• Star-enlarger and stages Each of 8 star enlargers locally increase the f/ratio of the FP20 optics to F/225, thereby reducing the angular size of the exit pupil. Thus we have a pupil image size that is compatible with available detectors. Each star enlarger can be moved, via an x-y stage, to acquire stars within a one arc-minute square. The pyramid for each guide star is located at the top of its respective star enlarger, i.e. closest to the pupil re-imaging optics.
  • Pupil re-imaging optics These optics re-image the meta-pupil onto the wavefront sensor. Because the photons of all the guide stars are added by the WFS as shown in Fig. 3, the magnitude of the individual guide stars can be reduced, thereby increasing the sky coverage of the system.
  • Wavefront sensor A commercial CCD-39 with 80x80 pixels. For the experiment described here, the wavefront sensor was read out at a frequency of 100 Hz.
  • Patrol Camera A commercial CCD-47 with 1024x1024 pixels. In LINC-NIRVANA, the patrol camera will be used to acquire seeing limited images for the HWS, so the plate scale is roughly 0.1 pixel/arcsecond. For the experiment described here the patrol camera was read out at a frequency of 0.4 Hz.

3. The AO loop performance

  • Wavefront sensor

    Figure 3 shows the meta-pupil from one quarter of the pyramid wavefront sensor (without modulation) with the deformable mirror and the pyramid wavefront sensor conjugated to 4km atmosphere altitude. The corresponding FoV of the guide stars is shown in Fig. 6.
    Fig. 6 The AO correction for the science targets in the large FoV from the patrol camera at 10km turbulent height layer and wind speed of 0.15 m/sec. The corresponding FoV of the 5 science targets (blue circles) and surrounding 4 guide stars (green squares) are the same as shown in the fiber plate in the lower right of the figure. The blue star shows the PSF of SS-1 measured without a phase screen. Note that for each science target, the same plot scale is used.

    In order to evaluate the AO performance of the wavefront sensor, the aberrations in the first 10 Zernike modes[6

    6. Robert J. Noll, “Zernike polynomials and atmospheric turbulence,” J. Opt. Soc. Am. 66, 207–211 (1976). [CrossRef]

    ] are measured and corrected, and the root mean square (RMS) wavefront error (WFE) is calculated. The RMS WFE with wind speeds of 2.0, 0.51, and 0.15 m/sec, with the phase screen positioned to simulate turbulence in atmospheric layers at 0, 4, 10, and 21 km, in open and closed loop are shown in Fig. 4. Figure 4 compares the RMS WFE in open loop and closed loop for all altitudes and wind speeds. RMS WFE drops very quickly in the first few loop iterations and then becomes stable.
    Fig. 4 The RMS WFE versus time at different atmosphere altitudes and different wind speeds in open and closed loop. The atmosphere altitudes and wind speeds are labeled in each plot. In closed loop, a gain of 0.5 is used. The DM and WFS were fixed conjugate to 4 km for all cases. The wind speed for the open loop curves was 2 m/sec for all altitudes, although the curves are very similar for the other speeds.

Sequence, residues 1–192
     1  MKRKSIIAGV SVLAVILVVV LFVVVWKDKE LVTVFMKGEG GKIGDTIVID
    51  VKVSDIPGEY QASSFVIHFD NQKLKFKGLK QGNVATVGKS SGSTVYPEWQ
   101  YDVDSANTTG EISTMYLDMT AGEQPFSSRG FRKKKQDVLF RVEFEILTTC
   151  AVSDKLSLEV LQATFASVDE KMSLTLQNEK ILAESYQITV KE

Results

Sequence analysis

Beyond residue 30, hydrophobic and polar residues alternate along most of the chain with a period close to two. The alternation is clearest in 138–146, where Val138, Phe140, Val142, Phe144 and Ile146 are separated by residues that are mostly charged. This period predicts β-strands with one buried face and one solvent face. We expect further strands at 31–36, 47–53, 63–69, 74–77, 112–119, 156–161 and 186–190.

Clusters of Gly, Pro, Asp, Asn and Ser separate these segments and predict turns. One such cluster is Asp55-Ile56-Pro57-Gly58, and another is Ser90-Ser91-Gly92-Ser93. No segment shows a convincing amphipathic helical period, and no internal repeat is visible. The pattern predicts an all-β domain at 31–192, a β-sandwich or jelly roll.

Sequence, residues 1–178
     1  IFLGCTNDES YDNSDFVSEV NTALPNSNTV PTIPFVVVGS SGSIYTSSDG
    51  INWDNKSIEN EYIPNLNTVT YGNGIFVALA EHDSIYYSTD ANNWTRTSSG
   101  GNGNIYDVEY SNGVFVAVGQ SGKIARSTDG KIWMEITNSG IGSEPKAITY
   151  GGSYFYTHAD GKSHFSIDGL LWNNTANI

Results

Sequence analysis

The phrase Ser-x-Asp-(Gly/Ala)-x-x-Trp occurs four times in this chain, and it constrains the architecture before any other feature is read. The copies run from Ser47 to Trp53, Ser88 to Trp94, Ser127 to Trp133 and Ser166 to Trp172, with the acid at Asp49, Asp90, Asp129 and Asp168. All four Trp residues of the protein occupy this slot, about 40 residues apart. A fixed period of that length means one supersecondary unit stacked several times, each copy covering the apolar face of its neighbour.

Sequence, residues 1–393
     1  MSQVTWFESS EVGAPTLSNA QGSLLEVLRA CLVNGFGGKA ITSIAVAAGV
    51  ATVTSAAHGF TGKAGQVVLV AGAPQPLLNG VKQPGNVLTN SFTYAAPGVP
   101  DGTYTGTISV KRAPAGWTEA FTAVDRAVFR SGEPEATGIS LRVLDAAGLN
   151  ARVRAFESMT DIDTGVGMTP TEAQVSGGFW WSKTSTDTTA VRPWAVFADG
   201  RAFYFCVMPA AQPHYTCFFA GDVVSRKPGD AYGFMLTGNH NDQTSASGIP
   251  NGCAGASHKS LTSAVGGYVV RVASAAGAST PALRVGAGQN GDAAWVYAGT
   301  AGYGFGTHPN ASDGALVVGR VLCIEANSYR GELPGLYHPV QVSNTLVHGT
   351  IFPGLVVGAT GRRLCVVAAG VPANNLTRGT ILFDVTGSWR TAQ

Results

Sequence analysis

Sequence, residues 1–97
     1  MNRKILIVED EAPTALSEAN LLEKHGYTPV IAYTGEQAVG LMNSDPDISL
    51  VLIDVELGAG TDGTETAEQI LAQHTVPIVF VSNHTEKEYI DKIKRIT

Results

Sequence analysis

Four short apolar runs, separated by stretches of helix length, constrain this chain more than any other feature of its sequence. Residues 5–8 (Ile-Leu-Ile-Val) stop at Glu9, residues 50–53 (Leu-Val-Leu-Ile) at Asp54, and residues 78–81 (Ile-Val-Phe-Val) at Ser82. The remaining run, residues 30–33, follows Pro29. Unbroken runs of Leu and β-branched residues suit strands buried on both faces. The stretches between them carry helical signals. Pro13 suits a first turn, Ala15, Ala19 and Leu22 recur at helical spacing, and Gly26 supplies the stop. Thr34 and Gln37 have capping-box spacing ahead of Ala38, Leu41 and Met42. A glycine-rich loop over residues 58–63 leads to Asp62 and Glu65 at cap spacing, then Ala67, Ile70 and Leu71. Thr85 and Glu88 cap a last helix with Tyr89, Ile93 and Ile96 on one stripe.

The Greenwood frequency fG is well known [8

    8. K Robert. Tyson, Principles of Adaptive Optics, Second Edition (Academic Press, San Diego, 1997).

    ]. Here, vwind refers to the wind speed and ro refers to Fried’s coherence length :
    fG=0.43vwindro
    (1)
    The Greenwood frequency is then 4.3, 1.1, and 0.3 Hz for wind speeds of 2.0, 0.51, and 0.15 m/sec, respectively.

    Fig. 6The AO correction for the science targets in the large FoV from the patrol camera at 10km turbulent height layer and wind speed of 0.15 m/sec. The corresponding FoV of the 5 science targets (blue circles) and surrounding 4 guide stars (green squares) are the same as shown in the fiber plate in the lower right of the figure. The blue star shows the PSF of SS-1 measured without a phase screen. Note that for each science target, the same plot scale is used.Fig. 4The RMS WFE versus time at different atmosphere altitudes and different wind speeds in open and closed loop. The atmosphere altitudes and wind speeds are labeled in each plot. In closed loop, a gain of 0.5 is used. The DM and WFS were fixed conjugate to 4 km for all cases. The wind speed for the open loop curves was 2 m/sec for all altitudes, although the curves are very similar for the other speeds.
  • Science Camera (patrol camera)

    In order to evaluate the AO performance for a simulated science target, the patrol camera was used. Because the patrol camera is intended for guide star acquisition in the LINCNIRVANA system, the plate scale is too large for use as a science camera. In other words, for this experiment the science target is under-sampled. For clarity, in Fig. 5, only data for a wind speed of 0.15m/sec is shown. Figure 6 shows the asterism used for the experiment, together with representative open and closed loop images for each of the science targets. In order to evaluate the statistical performance, sequential images are used to calculate the mean of the FWHM and the standard deviation in open and closed loop. As an example, the results for 10km at a wind speed of 0.15 m/sec are shown in Fig. 5. Then, the non-homogeneity in percent is calculated as RMS divided by mean FWHM of all stars in closed loop. For all the atmosphere layers, the mean FWHM, deviation range, and homogeneity are shown in Table 1.